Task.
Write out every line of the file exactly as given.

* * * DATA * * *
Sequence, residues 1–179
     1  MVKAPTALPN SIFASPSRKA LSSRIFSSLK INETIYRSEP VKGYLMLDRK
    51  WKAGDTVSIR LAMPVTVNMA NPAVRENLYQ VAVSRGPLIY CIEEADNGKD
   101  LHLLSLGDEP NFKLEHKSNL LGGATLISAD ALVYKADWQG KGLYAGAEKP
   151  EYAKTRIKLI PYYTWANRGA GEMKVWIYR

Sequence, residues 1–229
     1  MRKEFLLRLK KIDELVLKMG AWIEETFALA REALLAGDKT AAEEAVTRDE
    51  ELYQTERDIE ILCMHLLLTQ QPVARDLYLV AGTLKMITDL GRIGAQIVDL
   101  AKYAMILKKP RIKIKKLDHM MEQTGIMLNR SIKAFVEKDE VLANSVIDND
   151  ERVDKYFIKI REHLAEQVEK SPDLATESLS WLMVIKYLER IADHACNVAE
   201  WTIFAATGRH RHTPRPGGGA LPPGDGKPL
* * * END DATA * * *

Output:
Sequence, residues 1–179
     1  MVKAPTALPN SIFASPSRKA LSSRIFSSLK INETIYRSEP VKGYLMLDRK
    51  WKAGDTVSIR LAMPVTVNMA NPAVRENLYQ VAVSRGPLIY CIEEADNGKD
   101  LHLLSLGDEP NFKLEHKSNL LGGATLISAD ALVYKADWQG KGLYAGAEKP
   151  EYAKTRIKLI PYYTWANRGA GEMKVWIYR

Sequence, residues 1–229
     1  MRKEFLLRLK KIDELVLKMG AWIEETFALA REALLAGDKT AAEEAVTRDE
    51  ELYQTERDIE ILCMHLLLTQ QPVARDLYLV AGTLKMITDL GRIGAQIVDL
   101  AKYAMILKKP RIKIKKLDHM MEQTGIMLNR SIKAFVEKDE VLANSVIDND
   151  ERVDKYFIKI REHLAEQVEK SPDLATESLS WLMVIKYLER IADHACNVAE
   201  WTIFAATGRH RHTPRPGGGA LPPGDGKPL